Blame the guitar.
If not for the invention of this six-string device, countless garages would never have faced re-models into jam zones, millions of high-school dropouts would never have nursed dreams of rock 'n' roll fame, and countless babies would never have been born to parents who swear that the KISS classic "Rock and Roll All Nite" is the most romantic ballad ever written.
Then again, without the guitar, the world would be just that much less interesting.
Sixty years ago, the piano, the human voice or even the trombone stirred the musical interest of young people with something to say. No one could have imagined that an instrument as crass and awkward as the guitar would grow to dominate the popular music landscape. "So you want to be a rock 'n' roll star?" the old Byrds song ran. "Then listen now to what I say. / Just get an electric guitar, / Then take some time and learn how to play."
The trouble is, learning to play any instrument isn't nearly as much fun as pretending to play. And when it comes to pretending, video-game developers reliably arrive with prepackaged fantasies to make it so.
Game developers like to speculate that "Guitar Hero" is such a hit because the guitar-shaped controller connects with the mainstream player. But the simpler truth is that the game's designers understand that feeling like a rock star is almost as important as being one.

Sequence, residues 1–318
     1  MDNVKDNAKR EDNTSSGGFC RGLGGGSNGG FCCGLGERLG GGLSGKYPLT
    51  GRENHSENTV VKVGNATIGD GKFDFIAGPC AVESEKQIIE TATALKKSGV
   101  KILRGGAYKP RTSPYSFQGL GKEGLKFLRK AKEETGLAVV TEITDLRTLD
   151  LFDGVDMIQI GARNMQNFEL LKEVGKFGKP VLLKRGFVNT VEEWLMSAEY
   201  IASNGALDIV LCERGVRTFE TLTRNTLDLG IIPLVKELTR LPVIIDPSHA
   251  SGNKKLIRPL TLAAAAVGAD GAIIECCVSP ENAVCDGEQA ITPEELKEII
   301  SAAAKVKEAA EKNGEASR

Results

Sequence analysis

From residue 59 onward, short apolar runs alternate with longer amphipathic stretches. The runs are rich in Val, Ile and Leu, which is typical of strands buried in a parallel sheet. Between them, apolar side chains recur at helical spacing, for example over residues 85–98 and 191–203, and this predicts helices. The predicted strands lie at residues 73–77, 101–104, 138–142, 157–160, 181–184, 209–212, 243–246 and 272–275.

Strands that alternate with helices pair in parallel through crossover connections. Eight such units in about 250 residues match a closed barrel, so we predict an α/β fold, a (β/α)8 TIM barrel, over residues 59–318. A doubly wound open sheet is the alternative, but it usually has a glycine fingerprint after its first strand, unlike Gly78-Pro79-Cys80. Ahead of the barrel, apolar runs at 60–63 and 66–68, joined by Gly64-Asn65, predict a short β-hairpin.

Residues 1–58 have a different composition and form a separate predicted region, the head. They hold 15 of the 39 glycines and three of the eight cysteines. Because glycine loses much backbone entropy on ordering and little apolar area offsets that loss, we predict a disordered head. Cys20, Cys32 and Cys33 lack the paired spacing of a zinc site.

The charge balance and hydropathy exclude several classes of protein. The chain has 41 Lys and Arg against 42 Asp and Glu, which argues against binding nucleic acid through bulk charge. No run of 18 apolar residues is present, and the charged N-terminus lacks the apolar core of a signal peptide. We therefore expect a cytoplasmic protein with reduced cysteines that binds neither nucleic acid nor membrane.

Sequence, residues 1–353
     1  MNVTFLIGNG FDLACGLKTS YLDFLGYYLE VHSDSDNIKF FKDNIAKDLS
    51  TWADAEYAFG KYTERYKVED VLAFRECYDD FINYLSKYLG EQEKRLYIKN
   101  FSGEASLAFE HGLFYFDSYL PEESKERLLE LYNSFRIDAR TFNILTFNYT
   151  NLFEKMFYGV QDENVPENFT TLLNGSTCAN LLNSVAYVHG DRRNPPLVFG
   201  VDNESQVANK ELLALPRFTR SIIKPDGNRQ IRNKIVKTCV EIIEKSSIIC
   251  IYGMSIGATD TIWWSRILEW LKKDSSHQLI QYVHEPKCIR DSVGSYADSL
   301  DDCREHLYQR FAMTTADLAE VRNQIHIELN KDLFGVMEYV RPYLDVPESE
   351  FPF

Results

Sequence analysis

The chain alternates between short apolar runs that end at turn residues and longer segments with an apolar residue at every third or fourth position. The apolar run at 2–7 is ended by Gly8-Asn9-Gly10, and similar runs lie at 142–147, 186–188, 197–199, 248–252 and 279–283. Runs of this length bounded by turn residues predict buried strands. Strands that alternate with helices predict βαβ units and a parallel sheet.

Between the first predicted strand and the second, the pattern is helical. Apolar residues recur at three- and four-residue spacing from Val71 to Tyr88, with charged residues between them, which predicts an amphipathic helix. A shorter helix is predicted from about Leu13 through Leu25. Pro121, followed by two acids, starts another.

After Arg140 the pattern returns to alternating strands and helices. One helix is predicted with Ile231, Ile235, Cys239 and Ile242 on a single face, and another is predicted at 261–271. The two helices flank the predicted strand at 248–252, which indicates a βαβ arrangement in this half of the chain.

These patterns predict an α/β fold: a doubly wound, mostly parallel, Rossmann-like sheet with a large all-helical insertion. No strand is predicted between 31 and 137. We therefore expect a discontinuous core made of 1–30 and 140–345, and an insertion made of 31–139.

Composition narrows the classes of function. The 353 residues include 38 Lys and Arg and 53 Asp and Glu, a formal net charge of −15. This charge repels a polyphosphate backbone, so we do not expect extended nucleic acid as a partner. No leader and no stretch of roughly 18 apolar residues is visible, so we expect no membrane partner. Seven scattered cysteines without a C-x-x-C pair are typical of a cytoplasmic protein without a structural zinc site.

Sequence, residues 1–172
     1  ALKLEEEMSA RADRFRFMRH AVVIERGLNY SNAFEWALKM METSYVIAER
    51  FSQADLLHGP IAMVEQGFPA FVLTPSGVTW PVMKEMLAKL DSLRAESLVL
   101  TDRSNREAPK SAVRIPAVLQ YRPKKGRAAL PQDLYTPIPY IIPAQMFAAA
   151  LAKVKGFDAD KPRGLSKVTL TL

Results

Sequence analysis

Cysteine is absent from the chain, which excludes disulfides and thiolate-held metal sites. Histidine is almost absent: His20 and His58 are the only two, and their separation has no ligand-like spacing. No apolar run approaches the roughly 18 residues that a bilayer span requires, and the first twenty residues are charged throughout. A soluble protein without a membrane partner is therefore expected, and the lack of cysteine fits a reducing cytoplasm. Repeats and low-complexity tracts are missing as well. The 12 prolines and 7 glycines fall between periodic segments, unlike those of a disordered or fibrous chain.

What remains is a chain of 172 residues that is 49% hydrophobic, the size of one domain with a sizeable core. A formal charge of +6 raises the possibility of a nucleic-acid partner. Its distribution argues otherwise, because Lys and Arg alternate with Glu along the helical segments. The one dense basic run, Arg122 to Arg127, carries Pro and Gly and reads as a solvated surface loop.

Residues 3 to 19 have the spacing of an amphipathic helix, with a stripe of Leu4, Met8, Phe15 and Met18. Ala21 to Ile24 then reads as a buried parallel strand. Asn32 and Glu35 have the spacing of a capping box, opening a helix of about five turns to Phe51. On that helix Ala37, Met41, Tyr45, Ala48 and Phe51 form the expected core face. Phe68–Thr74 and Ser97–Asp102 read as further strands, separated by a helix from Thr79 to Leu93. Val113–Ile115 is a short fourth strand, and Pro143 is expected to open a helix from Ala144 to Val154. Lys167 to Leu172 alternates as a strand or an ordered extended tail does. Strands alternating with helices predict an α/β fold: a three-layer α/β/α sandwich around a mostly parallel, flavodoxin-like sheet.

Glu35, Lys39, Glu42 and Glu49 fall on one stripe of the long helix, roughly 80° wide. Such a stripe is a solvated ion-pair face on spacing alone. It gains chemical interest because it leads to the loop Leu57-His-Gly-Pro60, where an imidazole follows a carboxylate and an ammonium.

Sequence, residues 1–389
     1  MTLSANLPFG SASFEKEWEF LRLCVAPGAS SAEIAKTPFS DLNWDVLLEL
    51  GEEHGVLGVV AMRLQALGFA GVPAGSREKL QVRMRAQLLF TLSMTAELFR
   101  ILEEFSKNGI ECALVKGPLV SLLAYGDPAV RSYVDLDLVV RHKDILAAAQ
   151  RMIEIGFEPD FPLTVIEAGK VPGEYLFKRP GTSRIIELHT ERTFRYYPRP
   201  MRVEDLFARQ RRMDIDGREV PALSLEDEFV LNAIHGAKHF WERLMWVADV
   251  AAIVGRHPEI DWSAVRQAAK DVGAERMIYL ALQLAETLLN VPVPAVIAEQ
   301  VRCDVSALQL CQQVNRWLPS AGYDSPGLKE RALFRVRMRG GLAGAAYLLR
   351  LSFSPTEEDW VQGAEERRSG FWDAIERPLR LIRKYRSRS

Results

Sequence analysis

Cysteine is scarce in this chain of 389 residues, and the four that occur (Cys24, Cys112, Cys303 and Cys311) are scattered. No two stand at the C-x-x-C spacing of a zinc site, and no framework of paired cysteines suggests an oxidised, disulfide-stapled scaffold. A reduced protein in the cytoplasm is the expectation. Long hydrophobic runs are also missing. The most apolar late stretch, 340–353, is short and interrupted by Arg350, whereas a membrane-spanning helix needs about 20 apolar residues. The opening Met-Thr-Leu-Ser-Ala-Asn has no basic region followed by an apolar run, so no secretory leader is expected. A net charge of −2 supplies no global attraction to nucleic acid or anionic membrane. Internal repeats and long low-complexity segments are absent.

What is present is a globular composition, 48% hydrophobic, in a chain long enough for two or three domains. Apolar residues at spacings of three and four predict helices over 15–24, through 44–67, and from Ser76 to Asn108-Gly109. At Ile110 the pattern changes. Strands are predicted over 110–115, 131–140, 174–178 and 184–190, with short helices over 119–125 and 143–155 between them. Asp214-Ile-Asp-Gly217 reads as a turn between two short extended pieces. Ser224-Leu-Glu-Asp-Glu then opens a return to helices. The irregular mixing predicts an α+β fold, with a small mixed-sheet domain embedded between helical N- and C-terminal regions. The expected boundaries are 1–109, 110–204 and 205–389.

With the arrival of "Guitar Hero III," the graphics look nicer, the guitar controller is better realized, and the song selection is more expansive. At its heart, "GH" remains the game that legitimizes air guitar and makes the fantasy of amphitheater dominance feel real.
It's no wonder everyone seems to want in on the action. "Jam Sessions" for the Nintendo DS lets you pluck out tunes by strumming the stylus across the DS screen, while changing chords with a few select button presses. "Hannah Montana: Music Jam" brings four-track recording and similar techniques for playing guitar, bass and drums to the DS, and it even lets you pick your outfits and make friends - a title that's pitch-perfect for tween gamers.
Still, of the many games that let you make music, "Guitar Hero" remains at the top of the stack, because it never confuses actually making music with pretending to. No matter how fast you fly across the "GH" five-button fret board, you're never playing music - it's just a game. "Hannah Montana" and "Jam Sessions" spin you up on the idea that you can make music, then let you down when you realize that you're as tone deaf after playing the game as you were in the first place.